Monday January 24, 2022
Movie Review: The Tender Bar (2021)
I tend to like coming-of-age stories, and even better if they have an uncle figure that shows the kid the ways of the world. Sam Rockwell in “The Way Way Back” was a great recent example. So I was looking forward to this movie.
Nothing at stake
The kid is JR (Daniel Ranieri), all big dark eyes and passive curiosity, who is forced to move into his grandparents’ house with his mother (Lily Rabe), after his father, a radio DJ known as “The Voice” (Max Martini), abandons them in the early 1970s. It’s Manhasset, Long Island, a working class neighborhood, but good working class: loud but not racist; good-natured busting chops rather than ball-busting.
Mom hates the move back—she seems broken and way too self-pitying to care about—while JR loves it. Along with Grandpa and Grandma (Christopher Lloyd and Sondra James), other prodigal children live there: a non-descript aunt, and Uncle Charlie (Ben Affleck), who owns and runs the titular working class bar, The Dickens, named after Charles, with Dickens’ books lining a top shelf. JR hangs there and the regulars are nice to him. Uncle Charlie teaches him about life. Don’t carry your money like a drunk. Hold doors. Change tires. Keep your shit together.
It’s sweet, but you kind of wonder about Uncle Charlie’s living situation. Doesn’t he have a business? Doesn’t he keep his shit together? Shouldn’t his advice on being a man include “Don’t live with your parents”?
We get mini-dramas. Dad is supposed to take JR to a Mets game but never shows. A school shrink tells JR he has no identity because he’s “Jr.” to a father with no name, so Uncle Charlie takes him down a peg. There’s a father-son lunch at the school so Grandpa dresses up and impresses everyone. “Don't tell anybody I’m a good grandfather,” Grandpa tells JR afterwards. “Everybody will want one.”
That’s a nice line—and it’s great seeing Christopher Lloyd again—but overall there’s not much at stake here. Does JR have friends? Is he bullied? This small, smart kid with big dark eyes shows up in a tough working class town and nothing? Do we even see another kid in the first half of the film?
His mom wants him to go to Harvard or Yale and become a lawyer. Meanwhile, Uncle Charlie is an autodidact who’s got a whole closet stacked with books and keeps pushing him to read. He leans toward Charlie. He creates a family newspaper. He shows promise on the Wordy Gurdy puzzle.
Then he’s a teenager, Tye Sheridan, all full lips and long nose, and he gets into Yale on a scholarship, but even here there’s not much at stake. Despite his working-class background, a lot of shit comes easy to him. He makes friends easy, he gets a beautiful girl, Sidney (Brianna Middleton), easy, he loses her easy, she breaks his heart easy. He graduates, is aimless, Sidney suggests he get a job at The New York Times, and he does. Then he finally has it out with his father, now a drunk in North Carolina. That’s when there’s a little something at stake, because Max Martini just emanates potential violence. In NC, he drinks too much, beats his woman and JR finally stands up to him. He yells at him. And then? That’s it. There’s no fight. The father just walks away. Next we see, he’s arrested. Easy.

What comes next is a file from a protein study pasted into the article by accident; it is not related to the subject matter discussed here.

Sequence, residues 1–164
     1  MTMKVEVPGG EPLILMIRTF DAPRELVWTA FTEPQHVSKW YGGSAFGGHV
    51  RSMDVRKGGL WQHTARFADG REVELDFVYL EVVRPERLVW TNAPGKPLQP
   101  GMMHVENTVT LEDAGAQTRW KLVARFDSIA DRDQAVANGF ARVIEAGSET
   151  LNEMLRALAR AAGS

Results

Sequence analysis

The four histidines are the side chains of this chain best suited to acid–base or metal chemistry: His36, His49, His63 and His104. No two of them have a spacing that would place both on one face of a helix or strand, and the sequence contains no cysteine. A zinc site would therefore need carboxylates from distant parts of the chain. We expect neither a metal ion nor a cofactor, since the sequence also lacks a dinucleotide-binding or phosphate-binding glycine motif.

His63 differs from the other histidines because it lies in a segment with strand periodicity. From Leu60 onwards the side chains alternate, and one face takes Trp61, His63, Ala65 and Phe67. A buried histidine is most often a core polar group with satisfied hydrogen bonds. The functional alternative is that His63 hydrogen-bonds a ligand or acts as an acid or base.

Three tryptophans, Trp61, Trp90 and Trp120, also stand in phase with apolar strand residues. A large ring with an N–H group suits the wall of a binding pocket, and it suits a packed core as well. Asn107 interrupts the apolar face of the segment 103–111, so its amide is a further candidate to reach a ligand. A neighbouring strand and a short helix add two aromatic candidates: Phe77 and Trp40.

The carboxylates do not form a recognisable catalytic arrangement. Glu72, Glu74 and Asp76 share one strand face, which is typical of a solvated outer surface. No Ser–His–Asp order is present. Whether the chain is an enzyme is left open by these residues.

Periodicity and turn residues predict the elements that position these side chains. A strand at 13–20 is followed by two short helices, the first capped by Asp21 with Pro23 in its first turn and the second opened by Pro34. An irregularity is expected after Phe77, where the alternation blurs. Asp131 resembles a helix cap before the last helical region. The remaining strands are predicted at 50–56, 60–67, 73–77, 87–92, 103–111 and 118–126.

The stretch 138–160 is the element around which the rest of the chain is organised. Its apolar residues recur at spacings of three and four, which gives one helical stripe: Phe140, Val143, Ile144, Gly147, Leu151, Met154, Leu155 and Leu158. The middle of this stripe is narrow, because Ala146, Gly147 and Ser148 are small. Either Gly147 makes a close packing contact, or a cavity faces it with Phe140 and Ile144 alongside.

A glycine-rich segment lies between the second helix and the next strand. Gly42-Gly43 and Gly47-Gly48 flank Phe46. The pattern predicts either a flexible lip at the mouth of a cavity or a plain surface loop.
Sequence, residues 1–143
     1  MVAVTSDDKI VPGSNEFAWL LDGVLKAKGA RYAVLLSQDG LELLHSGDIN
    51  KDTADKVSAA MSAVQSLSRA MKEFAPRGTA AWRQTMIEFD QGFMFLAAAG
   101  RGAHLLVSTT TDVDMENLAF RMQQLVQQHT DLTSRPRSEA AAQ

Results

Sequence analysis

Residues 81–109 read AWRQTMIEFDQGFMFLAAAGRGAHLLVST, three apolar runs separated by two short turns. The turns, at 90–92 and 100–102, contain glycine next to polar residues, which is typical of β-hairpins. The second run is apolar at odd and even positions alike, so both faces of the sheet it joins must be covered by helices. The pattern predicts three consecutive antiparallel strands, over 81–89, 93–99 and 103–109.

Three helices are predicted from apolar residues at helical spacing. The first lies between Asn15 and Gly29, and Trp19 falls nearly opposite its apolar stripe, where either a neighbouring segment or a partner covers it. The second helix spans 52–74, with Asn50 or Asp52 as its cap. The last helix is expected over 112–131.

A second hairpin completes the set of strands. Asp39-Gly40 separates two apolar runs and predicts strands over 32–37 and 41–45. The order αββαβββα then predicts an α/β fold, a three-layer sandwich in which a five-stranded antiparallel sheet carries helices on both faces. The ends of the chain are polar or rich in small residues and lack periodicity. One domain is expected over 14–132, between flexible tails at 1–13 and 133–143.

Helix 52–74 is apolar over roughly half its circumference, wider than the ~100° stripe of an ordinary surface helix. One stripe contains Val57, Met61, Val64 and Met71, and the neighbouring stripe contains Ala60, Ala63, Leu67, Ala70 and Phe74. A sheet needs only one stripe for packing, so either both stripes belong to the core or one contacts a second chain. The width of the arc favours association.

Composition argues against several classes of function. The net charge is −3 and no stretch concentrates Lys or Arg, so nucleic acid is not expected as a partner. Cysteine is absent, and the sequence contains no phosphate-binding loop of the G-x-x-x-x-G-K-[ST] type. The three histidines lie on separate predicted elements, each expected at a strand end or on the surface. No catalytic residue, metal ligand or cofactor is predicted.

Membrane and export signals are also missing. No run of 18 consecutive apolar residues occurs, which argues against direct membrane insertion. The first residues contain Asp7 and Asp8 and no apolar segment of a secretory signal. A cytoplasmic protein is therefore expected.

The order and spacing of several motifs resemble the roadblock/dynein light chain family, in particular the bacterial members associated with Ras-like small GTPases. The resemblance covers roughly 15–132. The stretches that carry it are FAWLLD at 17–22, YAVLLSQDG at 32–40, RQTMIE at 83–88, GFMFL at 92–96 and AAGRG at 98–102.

In the end, JR decides to move to Manhattan and become a writer, and Uncle Charlie gives him the keys to his beautiful sky-blue 1968 Cadillac Deville—which would seem to be the last thing you’d want in Manhattan. As he drives away, in voiceover (Ron Livingstone), JR muses about how lawyers become lawyers after they go to law school and pass the bar. But writers?
You’re a writer the minute you say you are. Nobody gives you a diploma. You have to prove it—at least to yourself.
Another movie romantic about writers from an industry that never was.
“The Tender Bar” is based on a popular memoir by J.R. Moehringer but the movie feels like someone read the book and was recounting bits back to us. It’s all surface. I cared a little about the kid, not much about the young adult, not at all about the mom. Affleck is good but he’s not Sam Rockwell in “The Way Way Back.” Whatever digs into you and makes you care about characters isn’t here.
Certain anachronisms jarred. “Do puzzles, and you don’t get Alzheimer’s,” Uncle Charlie declares in the Wordy Gurdy scene, and I’m like “Did people talk much about Alzheimer’s in the mid-1970s? And its connection with puzzles?” (They didn’t.) JR is off for Yale, class of ’86, which makes this 1982, and he’s got a Farrah Fawcett poster on his wall? And Sidney has one of Leif Garrett? Uncle Charlie is Uncle Charlie and no one references “My Three Sons”?
As a director, George Clooney started out with a bang: “Confessions of a Dangerous Mind,” and “Good Night, and Good Luck.” Then he did “Leatherheads,” “The Ides of March,” “The Monuments Men.” Blah, blah and blah. All of those films seemed like good ideas, too.